The lives we unknowingly touch

I’m a bit pensive this morning, so here I go again.

I got a phone call Wednesday from Hawaii. It was from my old boss at KGMB-TV, Dick Grimm. He was offering condolences and sharing insight he’d gained when his wife passed away two years ago. I’d not heard from him since leaving that job over 15 years ago, and it was as if no time whatsoever had passed. Life’s like that. Time is an illusion, and linear time is a created dimension. All that’s real is the here and now, but I digress.

Dick is now president of the Hawaii Foodbank, an organization that I (apparently) energized and invigorated by creating a food drive to feed the poor in that state in 1989. They’ve just completed their 17th annual food drive — still with the help of KGMB — having gathered 750,000 pounds of food and a half million dollars in cash. Dick said he uses my name every time he tells the story of the Hawaii Foodbank. I was a bit taken aback, because I’d long ago forgotten that effort by our news team and station.

But it really blessed me and got me to thinking about the lives we unknowingly touch — for good or bad — as we travel this life. We read about it from the philosophers and the theologians and can find examples throughout the history books, but rarely do we ever stop and consider the seemingly insignificant lives we encounter and the seemingly insignificant moments of our own existence. We are not alone, friends, and no life is meaningless, for if one were truly meaningless, all would be meaningless.

We are spiritual beings on a human journey, not the other way around, and in a very tangible way, the web is making that more apparent. We don’t “come into being” at human birth, and we don’t “cease to be” when we die. It is only our human journey that begins and ends. And our connections with each other, therefore, exist in two realms. One is physical, but the other is free of the physical.

The non-physical connection was made abundantly clear to me on April 25th, when my beloved Allie’s human journey ended. A handful of people have grasped the significance of what I’m saying and have written about it over the past week. One is Jackie Danicki. Read and ponder what she wrote, because it’s important.

I don’t think people have actually grasped the extent to which social media is changing, and will continue to change, humanity.

The most basic way that social media has changed the way that I (and many people I know) interact is that we are growing used to being able to meet individuals� minds before we meet them physically.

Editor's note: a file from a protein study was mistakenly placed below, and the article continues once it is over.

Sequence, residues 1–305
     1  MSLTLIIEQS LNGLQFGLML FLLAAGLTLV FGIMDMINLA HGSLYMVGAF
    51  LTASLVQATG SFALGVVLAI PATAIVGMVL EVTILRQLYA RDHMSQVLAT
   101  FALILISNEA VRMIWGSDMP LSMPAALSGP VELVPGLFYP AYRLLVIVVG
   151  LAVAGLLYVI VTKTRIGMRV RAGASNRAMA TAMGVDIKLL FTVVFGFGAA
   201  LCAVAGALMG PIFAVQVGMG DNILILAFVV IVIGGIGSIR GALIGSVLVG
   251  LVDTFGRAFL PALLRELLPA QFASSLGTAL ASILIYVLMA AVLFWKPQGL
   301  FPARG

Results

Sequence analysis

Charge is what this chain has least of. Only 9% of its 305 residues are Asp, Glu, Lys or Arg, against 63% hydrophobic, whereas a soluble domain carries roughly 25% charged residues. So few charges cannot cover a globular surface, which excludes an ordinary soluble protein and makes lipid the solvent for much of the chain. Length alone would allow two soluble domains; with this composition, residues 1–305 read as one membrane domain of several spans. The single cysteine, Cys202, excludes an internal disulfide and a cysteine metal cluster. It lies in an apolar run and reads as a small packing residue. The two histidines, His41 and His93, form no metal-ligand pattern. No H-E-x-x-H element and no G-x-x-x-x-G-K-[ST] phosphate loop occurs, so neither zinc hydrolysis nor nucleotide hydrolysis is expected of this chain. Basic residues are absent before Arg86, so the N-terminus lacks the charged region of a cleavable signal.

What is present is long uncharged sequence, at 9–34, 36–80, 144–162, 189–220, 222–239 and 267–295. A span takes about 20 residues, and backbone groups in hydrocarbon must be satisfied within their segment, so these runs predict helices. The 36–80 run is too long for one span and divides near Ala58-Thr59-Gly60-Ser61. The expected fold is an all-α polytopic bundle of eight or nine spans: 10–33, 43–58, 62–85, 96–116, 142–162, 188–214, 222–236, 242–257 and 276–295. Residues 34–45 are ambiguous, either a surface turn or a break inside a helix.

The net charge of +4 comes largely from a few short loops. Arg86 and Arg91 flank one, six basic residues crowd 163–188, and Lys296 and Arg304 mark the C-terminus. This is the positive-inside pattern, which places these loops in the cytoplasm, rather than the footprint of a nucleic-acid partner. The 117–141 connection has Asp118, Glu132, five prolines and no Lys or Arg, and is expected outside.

…Individuals are the basic unit not just of any business, but of this world, and those who think the blogosphere is some kind of blessed embrace of collectivism or Marxism are wrong for precisely this reason: It is the ease with which individuals can connect with one another across this network which brings about the spectacular effects that it does. There is no top-down imposition on these individuals. There is no governing body deciding what each individual’s “needs” and “abilities” are, or how frivolous or worthy those might be. These are millions of individuals deciding for themselves what is in it for them, and getting from it what they want. Sometimes that’s a recipe or a video of someone singing a stupid song, and sometimes it’s comfort after the death of a child or loved one.

If you think that’s not going to continue to have hugely positive implications for us and this planet, think again.

I would add that we’re not just meeting people in the cognitive realm; we’re also meeting at core — through our hearts — and I agree that this has profound ramifications for the future of the planet.

Just as Paul Lurie wrote that the structure of the web — with its highly associative, endlessly referential and contingent environment, and its process for finding information — will ultimately tilt the culture war to the left (great long tail article), Ms. Danicki is suggesting that the web’s highly social character will also tilt the culture to, I imagine, one that’s more connected and therefore tolerant. This is a good thing, I think.

And so as I sit here today thinking about my life and the life I had with Allie, I’m struck with this whole “connected” thing and how an event 17 years ago in Hawaii created a ripple effect that continues today. It’s not about gun belt notches, brownie buttons or “well done, thou good and faithful servant.” These things are simply reminders that we were here. And in the end, it’s not what we’ve gained through all the other lives we’ve encountered, but what we gave to the process of life.

When I was at the hospital waiting for the doctor to give us the bad news, I was frantically trying to purchase a coke for Alicia’s mother from the machine in the waiting room. I only had a dollar and the price was $1.25. I was frustrated, crying and in obvious distress, and a middle-aged Hispanic woman who was also in the waiting room got up from her chair and put a quarter in my hand. She spoke no English, but the look in her eyes said she understood.

No life is meaningless, and we are all connected.

Allie touched thousands of people in her too-short life. I know, because I’ve heard from many of them. She’s now touched many more in her death, and I know that makes her smile. You were here, myAllie. You were really here.

Comments

  1. Bono sang it best: “I can’t change the world, but I can change the world in me.”

    That’s where it all begins.

  2. Yes, she was here — and because of your generosity in sharing her story and your relationship, she is now a blessing to us all.

  3. Thanks for writing this, Terry.

  4. I’ve been away in France, Terry, where you and Allie have been on my mind. It was a busy trip, full of family duties, but I actually made the time to write the intro to that book — thanks to you. Seriously: Thank you, and Allie.

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